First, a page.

Metropolitan of Canada
Ukrainian Orthodox Church of Canada
The Right Rev. Jordan Cantwell
United Church of Canada
Mr. Mukhbir Singh
World Sikh Organization of Canada
In February 2017, the new UN Secretary-General, António Guterres, declared 20 million people to be at risk of death in the next six months in South Sudan, Somalia, Yemen, and Nigeria.
This particular humanitarian crisis stems from a conjunction of events that include armed conflicts coupled with severe droughts brought about by climate change. Many have fled their homes and land to escape the violence of armed conflict and are continually displaced. These issues make transportation and access to food extremely difficult.
- Famine was declared on February 20, 2017 in Unity State. A declaration of famine has not been made by UN agencies since July 2011 when some 260,000 people died in Somalia – half of them children under the age of five.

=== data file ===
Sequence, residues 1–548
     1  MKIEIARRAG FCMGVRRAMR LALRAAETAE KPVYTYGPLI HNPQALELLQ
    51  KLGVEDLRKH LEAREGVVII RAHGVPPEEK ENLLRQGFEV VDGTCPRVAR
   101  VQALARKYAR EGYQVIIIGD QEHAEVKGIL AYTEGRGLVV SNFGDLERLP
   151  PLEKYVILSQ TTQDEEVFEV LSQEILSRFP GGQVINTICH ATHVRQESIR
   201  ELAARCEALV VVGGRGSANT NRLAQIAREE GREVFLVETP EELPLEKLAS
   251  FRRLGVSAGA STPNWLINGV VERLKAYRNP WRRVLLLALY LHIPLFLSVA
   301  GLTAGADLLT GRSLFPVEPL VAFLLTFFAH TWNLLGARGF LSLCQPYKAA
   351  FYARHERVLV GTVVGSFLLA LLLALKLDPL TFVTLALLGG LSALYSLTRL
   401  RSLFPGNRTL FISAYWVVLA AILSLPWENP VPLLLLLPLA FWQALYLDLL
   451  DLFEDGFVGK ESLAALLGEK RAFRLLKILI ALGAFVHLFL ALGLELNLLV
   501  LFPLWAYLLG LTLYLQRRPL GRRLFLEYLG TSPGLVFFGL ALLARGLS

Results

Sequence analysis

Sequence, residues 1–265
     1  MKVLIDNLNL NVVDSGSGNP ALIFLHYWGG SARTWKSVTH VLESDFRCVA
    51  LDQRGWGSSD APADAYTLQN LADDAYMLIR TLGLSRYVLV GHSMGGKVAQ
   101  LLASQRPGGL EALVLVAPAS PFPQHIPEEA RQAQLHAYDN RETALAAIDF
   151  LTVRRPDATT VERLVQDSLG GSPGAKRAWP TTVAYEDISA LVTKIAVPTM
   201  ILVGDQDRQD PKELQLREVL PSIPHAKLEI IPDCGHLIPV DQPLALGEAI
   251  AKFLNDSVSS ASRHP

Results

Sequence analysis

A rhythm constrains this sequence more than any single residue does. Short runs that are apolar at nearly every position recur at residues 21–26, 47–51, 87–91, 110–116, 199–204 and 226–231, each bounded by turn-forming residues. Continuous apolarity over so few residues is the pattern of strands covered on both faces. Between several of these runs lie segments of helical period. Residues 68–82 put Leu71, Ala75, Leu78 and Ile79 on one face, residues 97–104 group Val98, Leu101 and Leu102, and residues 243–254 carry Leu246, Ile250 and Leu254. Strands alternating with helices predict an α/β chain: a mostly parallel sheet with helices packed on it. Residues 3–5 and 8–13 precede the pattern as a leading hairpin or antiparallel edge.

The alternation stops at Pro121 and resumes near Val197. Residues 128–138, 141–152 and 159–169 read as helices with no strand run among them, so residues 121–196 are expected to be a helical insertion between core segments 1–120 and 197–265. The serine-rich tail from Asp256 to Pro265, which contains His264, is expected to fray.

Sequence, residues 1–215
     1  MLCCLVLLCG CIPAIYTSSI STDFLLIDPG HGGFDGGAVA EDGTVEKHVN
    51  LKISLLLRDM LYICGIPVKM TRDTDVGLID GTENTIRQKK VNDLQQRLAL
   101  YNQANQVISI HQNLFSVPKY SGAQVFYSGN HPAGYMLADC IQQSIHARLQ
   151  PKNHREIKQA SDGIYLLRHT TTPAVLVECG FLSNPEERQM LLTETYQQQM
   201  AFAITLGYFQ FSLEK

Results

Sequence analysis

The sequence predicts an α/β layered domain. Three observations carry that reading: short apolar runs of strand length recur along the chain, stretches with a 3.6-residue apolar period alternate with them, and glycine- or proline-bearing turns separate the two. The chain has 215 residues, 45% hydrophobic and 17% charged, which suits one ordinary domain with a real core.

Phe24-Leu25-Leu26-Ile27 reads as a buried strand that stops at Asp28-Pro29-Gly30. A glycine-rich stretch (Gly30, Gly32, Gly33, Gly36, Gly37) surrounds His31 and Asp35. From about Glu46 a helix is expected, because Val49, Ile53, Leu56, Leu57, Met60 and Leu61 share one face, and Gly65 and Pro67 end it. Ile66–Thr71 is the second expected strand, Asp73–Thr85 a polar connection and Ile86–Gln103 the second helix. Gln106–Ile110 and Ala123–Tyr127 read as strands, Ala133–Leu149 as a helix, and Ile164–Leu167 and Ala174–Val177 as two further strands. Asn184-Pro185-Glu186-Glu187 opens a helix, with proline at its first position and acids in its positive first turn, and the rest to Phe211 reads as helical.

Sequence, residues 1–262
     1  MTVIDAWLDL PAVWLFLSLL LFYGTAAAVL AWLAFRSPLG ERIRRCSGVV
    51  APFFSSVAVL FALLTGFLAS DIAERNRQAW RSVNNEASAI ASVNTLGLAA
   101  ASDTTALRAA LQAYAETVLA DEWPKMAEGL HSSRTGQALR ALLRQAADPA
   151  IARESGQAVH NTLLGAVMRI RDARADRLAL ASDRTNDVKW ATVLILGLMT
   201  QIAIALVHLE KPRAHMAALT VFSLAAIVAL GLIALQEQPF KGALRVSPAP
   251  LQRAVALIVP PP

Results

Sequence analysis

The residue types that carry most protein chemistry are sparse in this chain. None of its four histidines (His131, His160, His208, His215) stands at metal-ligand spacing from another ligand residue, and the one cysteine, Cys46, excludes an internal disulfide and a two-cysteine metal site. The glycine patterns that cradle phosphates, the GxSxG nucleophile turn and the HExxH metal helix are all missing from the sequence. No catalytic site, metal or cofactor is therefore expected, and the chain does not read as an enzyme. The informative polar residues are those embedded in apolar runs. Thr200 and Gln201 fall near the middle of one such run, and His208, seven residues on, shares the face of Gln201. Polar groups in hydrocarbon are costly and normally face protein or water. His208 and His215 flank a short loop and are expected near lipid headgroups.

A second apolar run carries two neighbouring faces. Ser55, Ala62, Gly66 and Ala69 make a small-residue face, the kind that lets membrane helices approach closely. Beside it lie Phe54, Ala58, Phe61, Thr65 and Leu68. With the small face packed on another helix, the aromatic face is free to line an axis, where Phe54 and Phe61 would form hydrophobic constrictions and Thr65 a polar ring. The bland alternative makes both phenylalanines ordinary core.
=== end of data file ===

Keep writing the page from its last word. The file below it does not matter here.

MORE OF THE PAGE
- An estimated 7.5 million people are in need, including 5.5 million who will be food insecure during the May to July period (lean season).
- There are nearly 1.9 million displaced persons inside the country and a total of 1.74 million refugees in neighbouring countries (which 86% are women and children, including 21,000 unaccompanied minors).
- South Sudan is the world’s newest state (independence in 2011), but has been at war since 2013. Years of ethnic and religious strife opposing rebel groups and Sudanese forces, for control over the country’s oil resources which constitute about 90% of the national economy, continue to this day.